Federal Courts Increasingly Reluctant with Patents

by Adam Philipp on September 3, 2014

Federal Circuit

Affirms that data structures

Not patentable

The US Court of Appeals for the Federal Circuit found that patent claims directed to blog 8.20.14a device and method for data structures are not patent eligible.

Digitech Image Technologies is the assignee of a patent for “Device profiles for use in a digital image processing system.” The patent describes spatial and color properties of a device within a digital image processing system. According to the patent, all imaging devices distort an image’s color and spatial properties. This occurs because cameras, monitors, etc. allow for different colors to be displayed or copied. The patent discloses an “improved device profile” that “includes both chromatic characteristic information and spatial characteristic information.”

Digitech sued 32 defendants in the US District Court for the Central District of California for infringing its patent. These defendants included companies like Electronics for Imaging, Xerox, Toshiba, Leica, Pentax, and other companies in the imaging field. Several of the defendants filed summary judgment motions, and the district court granted them, finding that the asserted claims of the patent were subject matter ineligible.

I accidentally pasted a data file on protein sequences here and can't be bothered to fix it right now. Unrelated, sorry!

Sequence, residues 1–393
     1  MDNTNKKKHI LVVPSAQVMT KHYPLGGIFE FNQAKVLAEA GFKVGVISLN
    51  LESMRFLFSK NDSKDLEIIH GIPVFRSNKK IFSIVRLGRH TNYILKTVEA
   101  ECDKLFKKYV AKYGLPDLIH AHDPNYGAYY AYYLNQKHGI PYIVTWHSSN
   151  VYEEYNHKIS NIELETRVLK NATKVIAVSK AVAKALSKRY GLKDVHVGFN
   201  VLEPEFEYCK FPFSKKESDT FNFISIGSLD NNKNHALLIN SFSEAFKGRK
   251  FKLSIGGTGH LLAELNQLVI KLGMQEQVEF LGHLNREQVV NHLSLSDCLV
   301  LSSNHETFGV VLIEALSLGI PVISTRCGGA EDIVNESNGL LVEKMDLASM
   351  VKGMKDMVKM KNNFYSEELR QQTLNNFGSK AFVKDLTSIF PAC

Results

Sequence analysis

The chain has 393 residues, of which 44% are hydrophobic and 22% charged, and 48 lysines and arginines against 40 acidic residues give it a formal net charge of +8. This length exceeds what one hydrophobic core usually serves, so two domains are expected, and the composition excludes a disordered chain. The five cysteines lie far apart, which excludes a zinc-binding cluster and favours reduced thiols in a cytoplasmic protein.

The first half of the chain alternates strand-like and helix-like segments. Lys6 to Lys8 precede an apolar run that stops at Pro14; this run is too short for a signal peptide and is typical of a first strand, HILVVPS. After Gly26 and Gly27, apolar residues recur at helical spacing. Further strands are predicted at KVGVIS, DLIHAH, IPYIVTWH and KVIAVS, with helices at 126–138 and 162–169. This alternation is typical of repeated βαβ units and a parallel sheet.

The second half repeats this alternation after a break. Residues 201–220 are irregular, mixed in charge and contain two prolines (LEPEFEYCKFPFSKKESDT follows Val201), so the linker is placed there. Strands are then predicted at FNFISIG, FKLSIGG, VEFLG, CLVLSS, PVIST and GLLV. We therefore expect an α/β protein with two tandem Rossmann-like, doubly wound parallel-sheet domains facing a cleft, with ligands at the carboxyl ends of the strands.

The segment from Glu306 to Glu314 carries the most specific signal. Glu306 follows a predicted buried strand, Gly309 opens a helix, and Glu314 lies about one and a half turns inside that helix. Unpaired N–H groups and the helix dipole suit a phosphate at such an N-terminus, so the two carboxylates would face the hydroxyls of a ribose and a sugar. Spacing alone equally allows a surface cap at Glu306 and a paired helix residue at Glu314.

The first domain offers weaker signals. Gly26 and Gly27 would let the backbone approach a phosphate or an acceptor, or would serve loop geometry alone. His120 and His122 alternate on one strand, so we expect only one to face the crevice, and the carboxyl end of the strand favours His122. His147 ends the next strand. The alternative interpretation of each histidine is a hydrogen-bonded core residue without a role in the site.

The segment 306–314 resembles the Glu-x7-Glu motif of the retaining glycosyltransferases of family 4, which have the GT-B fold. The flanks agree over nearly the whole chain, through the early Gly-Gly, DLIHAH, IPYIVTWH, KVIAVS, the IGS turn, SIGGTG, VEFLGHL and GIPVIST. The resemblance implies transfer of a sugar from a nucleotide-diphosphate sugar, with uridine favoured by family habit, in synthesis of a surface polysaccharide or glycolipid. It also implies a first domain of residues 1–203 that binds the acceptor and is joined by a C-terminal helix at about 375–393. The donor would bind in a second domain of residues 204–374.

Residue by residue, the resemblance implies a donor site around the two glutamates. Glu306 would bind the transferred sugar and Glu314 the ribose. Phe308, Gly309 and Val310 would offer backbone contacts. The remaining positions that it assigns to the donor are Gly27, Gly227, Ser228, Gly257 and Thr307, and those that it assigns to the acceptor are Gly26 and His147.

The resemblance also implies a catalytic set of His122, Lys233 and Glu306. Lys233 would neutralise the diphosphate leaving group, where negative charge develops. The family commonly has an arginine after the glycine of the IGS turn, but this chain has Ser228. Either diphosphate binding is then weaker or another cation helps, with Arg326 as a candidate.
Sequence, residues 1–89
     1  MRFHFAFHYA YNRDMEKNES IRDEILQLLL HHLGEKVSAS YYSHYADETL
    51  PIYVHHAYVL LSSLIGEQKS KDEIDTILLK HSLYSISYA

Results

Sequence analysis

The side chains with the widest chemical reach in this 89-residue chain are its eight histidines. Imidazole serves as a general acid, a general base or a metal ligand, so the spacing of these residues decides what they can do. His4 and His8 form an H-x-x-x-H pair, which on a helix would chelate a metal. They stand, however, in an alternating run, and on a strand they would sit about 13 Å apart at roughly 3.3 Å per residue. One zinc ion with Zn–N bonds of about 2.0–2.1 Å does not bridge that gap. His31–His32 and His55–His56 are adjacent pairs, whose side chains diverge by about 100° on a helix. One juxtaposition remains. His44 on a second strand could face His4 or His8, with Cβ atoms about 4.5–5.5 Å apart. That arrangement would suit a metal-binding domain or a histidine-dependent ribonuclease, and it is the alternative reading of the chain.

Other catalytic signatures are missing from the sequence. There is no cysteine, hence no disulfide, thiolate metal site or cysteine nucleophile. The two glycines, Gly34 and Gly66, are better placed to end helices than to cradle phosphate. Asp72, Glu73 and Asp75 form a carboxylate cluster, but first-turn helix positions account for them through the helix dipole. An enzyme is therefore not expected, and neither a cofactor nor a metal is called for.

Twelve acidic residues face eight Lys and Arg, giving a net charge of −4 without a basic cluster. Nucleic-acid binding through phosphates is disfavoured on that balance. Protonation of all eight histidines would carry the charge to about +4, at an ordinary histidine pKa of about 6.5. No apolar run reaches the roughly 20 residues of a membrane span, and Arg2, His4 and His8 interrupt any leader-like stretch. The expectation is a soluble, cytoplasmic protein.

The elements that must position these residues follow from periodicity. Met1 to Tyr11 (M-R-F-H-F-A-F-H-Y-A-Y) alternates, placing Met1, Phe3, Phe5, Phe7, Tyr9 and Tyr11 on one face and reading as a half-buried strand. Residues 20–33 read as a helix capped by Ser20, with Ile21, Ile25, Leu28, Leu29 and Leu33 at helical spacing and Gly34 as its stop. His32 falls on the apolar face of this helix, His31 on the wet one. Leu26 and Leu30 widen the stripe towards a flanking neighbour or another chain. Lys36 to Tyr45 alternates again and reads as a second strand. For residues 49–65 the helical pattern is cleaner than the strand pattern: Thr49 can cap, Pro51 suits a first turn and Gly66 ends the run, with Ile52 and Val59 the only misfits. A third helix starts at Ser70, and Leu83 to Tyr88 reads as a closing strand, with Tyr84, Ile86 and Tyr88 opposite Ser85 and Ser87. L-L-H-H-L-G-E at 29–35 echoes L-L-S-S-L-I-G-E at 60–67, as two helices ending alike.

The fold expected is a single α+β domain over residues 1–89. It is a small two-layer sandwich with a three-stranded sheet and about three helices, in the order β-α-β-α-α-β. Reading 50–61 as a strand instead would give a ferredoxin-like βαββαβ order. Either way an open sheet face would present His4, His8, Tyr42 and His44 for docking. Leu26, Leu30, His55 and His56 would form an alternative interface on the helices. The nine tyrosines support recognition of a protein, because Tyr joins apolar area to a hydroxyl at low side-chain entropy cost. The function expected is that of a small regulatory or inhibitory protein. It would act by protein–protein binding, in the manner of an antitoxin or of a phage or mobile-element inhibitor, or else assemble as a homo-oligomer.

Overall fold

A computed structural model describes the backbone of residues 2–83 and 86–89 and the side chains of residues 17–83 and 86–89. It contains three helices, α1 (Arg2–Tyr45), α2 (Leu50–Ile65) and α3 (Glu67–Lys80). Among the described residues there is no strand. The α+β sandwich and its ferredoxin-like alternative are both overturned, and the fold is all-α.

According to the Federal Circuit;

The district court found that the “device profile” claims are directed to a collection of numerical data that lacks a physical component or physical manifestation. The district court thus concluded that a “device profile” is nothing more than information and does not fall within one of the categories of eligible subject matter under section 101.

Digitech appealed the decision and the Federal Circuit upheld its ruling, finding that the device profile described in the patent is not a tangible or physical thing and thus fails to fall within any of the categories of eligible subject matter. The Federal Circuit also rejected Digitech’s asserted method claims, saying that the asserted claims recited a process of taking two data sets and combining them into a single data set. According to the court, the claim “thus recites an ineligible abstract process of gathering and combining data that does not require input from a physical device.”

This case demonstrates federal courts’ increasing reluctant to uphold patents based on arguably abstract ideas in the wake of the US Supreme Court’s recent decision in Alice Corp. v. CLS Bank Int’l.

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